If you have a vague notion that something should be done about that, (a notion I've heard expressed more than once...) then you and I and the good folks at the US Naval Institute are in agreement. Preserving the history documented by the milbloggers is just one of the goals of the milblog project, the once-vague idea that we're now making real.
And it's a big idea, if I say so myself - too big to explain in one simple blog post, so stand by for more. Likewise, it's too big a task to be accomplished by just one person. So if you're a milblogger (and exactly what is a milblogger? is a topic for much further discussion on its own) I'm asking for your help. All I'll really need is just a little bit (maybe just one or two of those half hours...) of your time, and your willingness to tell the tale.
We've already made history, it's time to save it.
(More to follow...)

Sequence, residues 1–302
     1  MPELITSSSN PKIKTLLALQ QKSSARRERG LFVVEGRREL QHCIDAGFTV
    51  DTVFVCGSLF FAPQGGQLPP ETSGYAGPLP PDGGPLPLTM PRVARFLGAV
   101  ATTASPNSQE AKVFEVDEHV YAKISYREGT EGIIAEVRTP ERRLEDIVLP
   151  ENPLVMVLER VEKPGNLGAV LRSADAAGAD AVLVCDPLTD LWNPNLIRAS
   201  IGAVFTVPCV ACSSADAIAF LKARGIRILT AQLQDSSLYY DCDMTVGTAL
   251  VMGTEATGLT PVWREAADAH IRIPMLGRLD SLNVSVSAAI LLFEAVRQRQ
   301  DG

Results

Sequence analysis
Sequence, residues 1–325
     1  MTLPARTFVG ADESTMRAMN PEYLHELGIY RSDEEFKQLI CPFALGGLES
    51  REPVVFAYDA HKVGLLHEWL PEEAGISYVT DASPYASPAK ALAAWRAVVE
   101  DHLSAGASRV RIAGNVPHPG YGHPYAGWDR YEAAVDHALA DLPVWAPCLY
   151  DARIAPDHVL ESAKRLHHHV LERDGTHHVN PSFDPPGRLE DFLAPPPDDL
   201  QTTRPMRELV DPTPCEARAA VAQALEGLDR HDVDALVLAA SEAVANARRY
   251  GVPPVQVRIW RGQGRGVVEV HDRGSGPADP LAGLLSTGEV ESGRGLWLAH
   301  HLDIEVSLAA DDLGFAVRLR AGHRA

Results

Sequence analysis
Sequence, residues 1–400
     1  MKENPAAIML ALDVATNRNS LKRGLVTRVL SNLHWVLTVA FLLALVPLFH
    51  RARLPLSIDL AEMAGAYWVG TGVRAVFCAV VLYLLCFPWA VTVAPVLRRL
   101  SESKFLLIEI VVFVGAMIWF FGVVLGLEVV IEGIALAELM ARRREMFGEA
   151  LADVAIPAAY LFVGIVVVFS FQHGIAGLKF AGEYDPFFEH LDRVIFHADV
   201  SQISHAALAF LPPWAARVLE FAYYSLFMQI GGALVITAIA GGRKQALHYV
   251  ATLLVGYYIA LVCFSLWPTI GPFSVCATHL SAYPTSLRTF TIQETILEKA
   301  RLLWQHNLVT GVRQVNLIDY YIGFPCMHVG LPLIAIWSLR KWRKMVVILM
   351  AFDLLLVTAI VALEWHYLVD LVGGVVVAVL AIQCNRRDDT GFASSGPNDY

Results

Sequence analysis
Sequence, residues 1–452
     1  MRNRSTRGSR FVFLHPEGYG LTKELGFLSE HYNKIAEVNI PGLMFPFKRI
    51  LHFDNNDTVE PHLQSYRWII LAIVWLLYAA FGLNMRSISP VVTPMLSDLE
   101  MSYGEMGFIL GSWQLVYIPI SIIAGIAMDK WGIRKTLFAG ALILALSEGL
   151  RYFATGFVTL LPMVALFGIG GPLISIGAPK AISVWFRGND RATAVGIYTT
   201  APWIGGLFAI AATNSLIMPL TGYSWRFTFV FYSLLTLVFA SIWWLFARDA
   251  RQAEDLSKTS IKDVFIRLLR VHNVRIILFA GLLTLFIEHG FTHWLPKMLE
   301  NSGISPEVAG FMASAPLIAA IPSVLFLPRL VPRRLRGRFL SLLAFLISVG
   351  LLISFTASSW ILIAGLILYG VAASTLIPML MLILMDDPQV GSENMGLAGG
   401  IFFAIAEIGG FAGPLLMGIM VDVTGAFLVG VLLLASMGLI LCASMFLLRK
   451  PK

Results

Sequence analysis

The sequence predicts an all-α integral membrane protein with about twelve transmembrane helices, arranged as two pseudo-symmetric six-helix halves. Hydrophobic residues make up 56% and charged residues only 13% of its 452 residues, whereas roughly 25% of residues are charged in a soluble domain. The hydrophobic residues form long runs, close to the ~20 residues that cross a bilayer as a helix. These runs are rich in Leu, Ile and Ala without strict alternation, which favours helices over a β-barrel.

The Mudville Gazette is the on-line voice of an American warrior and his wife who stands by him. They prefer to see peaceful change render force of arms unnecessary. Until that day they stand fast with those who struggle for freedom, strike for reason, and pray for a better tomorrow.
Furthermore, I will occasionally use satire or parody herein. The bottom line: it's my house.
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Original content copyright © 2003 - 2011 by Greyhawk. Fair, not-for-profit use of said material by others is encouraged, as long as acknowledgement and credit is given, to include the url of the original source post. Other arrangements can be made as needed.
Contact: greyhawk at mudvillegazette dot com